For the architectural community, Brent says proactive precasters like Structure Cast lend their expertise to the project – from concept to completion. “An architect who is designing a building has to focus on 100 different aspects of it at once,” says Brent. “We can come in, help with cost-saving ideas, suggest additional architectural features and help the architects attain the design that they’re really looking for.”
That is, if the precaster can get to the point where it is the trusted advisor who is called upon during the early stages of the project. Too often, precasters are left out of the early design phases, as Brent pointed out, making it that much harder to get in the door when it comes time to actually start the job. When developed without the precaster’s input, drawings don’t always translate well into real-world applications.
The ground floor
When precasters and architects work closely together, the rewards can be significant for both parties. Right now, for example, Brent’s firm is working with a Los Angeles architect who is designing a school building. For the past year, the precaster has been sending samples and colors to the architect, hoping to be top of mind when the job goes out for bid. “We’ll have a good opportunity there,” says Brent, “but we’ll still have to be the competitive bidder.”
The benefit stream runs both ways, according to Brent, who sees precasters playing a key role in a project’s overall success. Bombarded with new product offerings, the architects who approve plans need to know that the materials they’re choosing are indeed the best, most cost-effective options available. “If they put something on there that doesn’t work or that hurts the project, it’s a direct reflection on them,” says Brent.
At Seawright Custom Precast in Coachella, Calif., Rex Seawright, president, says he’d like to work more closely with architects who use his firm’s columns, fireplace surrounds and window trims. Working primarily with custom residential and commercial contractors, Rex says he gets involved “occasionally” with architects who call on him for help in the early stages of a project.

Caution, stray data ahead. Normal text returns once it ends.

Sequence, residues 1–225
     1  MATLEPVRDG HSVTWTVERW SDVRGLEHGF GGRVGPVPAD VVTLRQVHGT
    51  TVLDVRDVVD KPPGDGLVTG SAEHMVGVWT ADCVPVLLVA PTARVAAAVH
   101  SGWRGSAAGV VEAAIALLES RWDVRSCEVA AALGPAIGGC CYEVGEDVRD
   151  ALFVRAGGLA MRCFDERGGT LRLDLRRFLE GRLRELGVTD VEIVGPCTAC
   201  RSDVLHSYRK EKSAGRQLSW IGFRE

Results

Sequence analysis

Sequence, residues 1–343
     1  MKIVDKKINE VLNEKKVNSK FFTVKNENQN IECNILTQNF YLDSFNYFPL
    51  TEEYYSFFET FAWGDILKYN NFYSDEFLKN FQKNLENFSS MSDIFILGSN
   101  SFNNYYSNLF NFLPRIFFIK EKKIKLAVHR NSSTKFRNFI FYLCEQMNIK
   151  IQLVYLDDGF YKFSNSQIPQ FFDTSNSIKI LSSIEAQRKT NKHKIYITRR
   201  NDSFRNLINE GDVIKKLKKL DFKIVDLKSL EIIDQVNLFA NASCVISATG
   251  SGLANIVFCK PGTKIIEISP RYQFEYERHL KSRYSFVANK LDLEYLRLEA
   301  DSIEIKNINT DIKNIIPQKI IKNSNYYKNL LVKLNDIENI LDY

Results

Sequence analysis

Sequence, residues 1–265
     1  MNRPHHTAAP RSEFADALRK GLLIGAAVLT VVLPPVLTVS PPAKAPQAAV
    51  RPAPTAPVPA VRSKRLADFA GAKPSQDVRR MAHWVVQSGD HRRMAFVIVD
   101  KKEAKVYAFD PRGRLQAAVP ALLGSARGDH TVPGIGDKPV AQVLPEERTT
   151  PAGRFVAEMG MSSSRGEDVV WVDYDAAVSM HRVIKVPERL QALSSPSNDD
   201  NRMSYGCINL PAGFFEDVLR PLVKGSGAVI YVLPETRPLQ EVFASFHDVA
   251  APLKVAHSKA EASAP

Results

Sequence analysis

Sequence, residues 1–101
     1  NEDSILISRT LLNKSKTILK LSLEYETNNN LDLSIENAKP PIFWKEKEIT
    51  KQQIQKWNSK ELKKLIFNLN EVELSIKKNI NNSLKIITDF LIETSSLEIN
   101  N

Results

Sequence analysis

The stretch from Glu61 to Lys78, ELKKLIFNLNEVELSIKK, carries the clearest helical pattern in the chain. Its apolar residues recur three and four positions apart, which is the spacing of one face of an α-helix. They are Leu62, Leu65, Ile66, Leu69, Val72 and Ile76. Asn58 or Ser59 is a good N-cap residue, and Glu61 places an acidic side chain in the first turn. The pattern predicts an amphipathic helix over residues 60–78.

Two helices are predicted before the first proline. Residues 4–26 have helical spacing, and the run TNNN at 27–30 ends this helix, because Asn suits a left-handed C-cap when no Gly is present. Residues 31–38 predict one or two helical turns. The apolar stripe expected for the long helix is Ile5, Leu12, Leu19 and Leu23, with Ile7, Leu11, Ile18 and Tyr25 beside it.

“We set up good lines of communication and rapport,” says Rex. “It’s great to be able to help them along and get them to where they need to be.” It’s also important for the project itself, he adds. “When an architect has the information, he can draw up something that’s feasible for the manufacturer to undertake, therefore eliminating a lot of revisions of shop drawings.”
Russell Smeall, principle with Pate Smeall Architects in Newport Beach, Calif., sees value for both the precaster and the architect when the two parties collaborate early in the project lifecycle.
“I expect to see more precasters and architects working together to create those efficiencies,” says Russell. “We’re all out there trying to find new niches, and by putting our heads together early in the process, we gain better access to new ideas and products that will ultimately create more successful projects.”
Ashley Smith, vice president of sales and marketing for Smith-Midland Corp. in Midland, Va., says his company works frequently with architects. “Architects like connections and accurate information,” says Ashley, who often sends out 1-by-2-foot samples that show the various colors, aggregates and finishes that an architect can select from.
Thanks to the efforts of NPCA’s Building Product Committee – and the inroads being made by the precasters themselves – expect to see even stronger bonds developing between the architectural and precast community in the future.
“We’re seeing more architects spending more time with us over the last few years,” says Brent. “It’s definitely a trend that’s going to grow as the benefits of precast outweigh the benefits of competing products.”
Ashley concurs and says those precasters looking to get in on the ground floor of specific projects should consider developing strong ties with the architects who are designing them. “Get out there and set up good communications with your local architects, get to know them and establish your company as a good information source for them,” says Ashley. “The more architects you go see, the more they will call on you.”